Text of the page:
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The porphyrin handbook - Kadish K.M.

Kadish K.M. The porphyrin handbook - Academic press, 2000. - 368 p.
Download (direct link): kadishsmishgulilard2000.djvu
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cofacial orientation.239 The structure is confirmed in the solid state by
X-ray analyses and in solution by the EPR analyses of Cu(II) ion. In the
solid state, the pair of stacked porphyrin subunits adopts a shared
relationship, with the Cu atoms being offset by about 3.05 A and the Cu-
Cu separation of 4.76 A. In addition to conventional n-n stacking between
the porphyrin nuclei, the assembly is stabilized via [N + -H- O] and
[C-H- O] hydrogen bonding between the dibenzylammonium centers attached
to the porphyrin hub, and the oxygen atoms of polyether binders. The
distance between the Cu(II) centers in the dynamic equilibrium state is
evaluated to be 5.1 A from the EPR spectra, which represents an upper
limit for the complex's Cu-Cu distance.
All examples shown here demonstrate that self-assembling procedures
provide unique and promising methods for construction of highly ordered,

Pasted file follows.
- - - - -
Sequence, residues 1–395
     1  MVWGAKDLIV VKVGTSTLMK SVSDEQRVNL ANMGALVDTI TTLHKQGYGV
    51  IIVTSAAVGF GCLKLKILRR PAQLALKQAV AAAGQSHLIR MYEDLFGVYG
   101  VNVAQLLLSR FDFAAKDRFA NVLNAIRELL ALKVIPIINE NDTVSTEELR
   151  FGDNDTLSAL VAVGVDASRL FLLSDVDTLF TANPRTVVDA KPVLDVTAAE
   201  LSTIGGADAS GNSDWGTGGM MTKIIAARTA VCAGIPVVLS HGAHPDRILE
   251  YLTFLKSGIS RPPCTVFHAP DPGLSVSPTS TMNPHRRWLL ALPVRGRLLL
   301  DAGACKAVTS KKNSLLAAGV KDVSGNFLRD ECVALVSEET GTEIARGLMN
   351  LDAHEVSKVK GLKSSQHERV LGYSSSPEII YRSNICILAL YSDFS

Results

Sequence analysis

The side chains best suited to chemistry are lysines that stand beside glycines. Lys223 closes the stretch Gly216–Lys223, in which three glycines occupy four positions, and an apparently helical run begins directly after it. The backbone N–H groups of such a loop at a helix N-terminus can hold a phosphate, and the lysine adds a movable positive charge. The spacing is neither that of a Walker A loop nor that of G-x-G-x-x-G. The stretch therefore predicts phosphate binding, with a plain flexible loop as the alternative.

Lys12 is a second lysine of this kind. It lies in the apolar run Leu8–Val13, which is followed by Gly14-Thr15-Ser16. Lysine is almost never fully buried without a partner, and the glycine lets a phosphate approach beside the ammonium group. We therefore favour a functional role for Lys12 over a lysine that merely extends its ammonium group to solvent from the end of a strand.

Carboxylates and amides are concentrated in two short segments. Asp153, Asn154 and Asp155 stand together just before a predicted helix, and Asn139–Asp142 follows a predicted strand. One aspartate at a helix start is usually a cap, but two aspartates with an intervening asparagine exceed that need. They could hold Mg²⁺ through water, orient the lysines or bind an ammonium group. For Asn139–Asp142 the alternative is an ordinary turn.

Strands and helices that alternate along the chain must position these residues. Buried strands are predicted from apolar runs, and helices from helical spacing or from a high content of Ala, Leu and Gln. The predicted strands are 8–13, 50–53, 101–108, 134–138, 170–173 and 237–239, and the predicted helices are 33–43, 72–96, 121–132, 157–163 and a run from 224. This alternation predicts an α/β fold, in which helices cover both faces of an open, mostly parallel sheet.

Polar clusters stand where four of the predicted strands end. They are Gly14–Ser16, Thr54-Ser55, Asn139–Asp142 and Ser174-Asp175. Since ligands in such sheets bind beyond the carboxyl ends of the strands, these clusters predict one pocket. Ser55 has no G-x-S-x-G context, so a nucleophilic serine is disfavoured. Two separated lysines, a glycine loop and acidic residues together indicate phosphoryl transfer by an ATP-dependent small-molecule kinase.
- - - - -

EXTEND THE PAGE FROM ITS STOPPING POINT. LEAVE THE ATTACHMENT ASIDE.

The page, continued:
but very complex, multiporphyrin systems which are difficult to prepare
by conventional covalent syntheses. It should be noted that properly
designed self-assembling systems execute difficult processes such as
tetra- or more molecular assembling process which appear to be extremely
unfavorable due to their large entropic disadvantage. The energy to
ensure the necessary stability of the assembly must be supplied from the
enthalpy gain during the assembling processes. Since the proper balance
between the entropy and enthalpy changes in the assembling processes can
be regulated by selecting the number and types of interactions between
the components, it is important to develop systematic methodology for
manipulation of various kinds of noncovalent interactions found in both
chemistry and biochemistry. Another interesting and important problem to
resolve is the effect of
noncovalent bonds on the efficiencies of the energy or electron-transfer
processes occurring in the multiporphyrin assemblies. There is not
sufficient information on how much contribution of "through-bond"
transfer is expected for noncovalent interactions and whether the
characteristics of the transfer processes depend on the type of
interaction. From these viewpoints it is clear there are still a large
number of possibilities remaining that should be attempted in the field
of self-assembling multiporphyrin chemistry.

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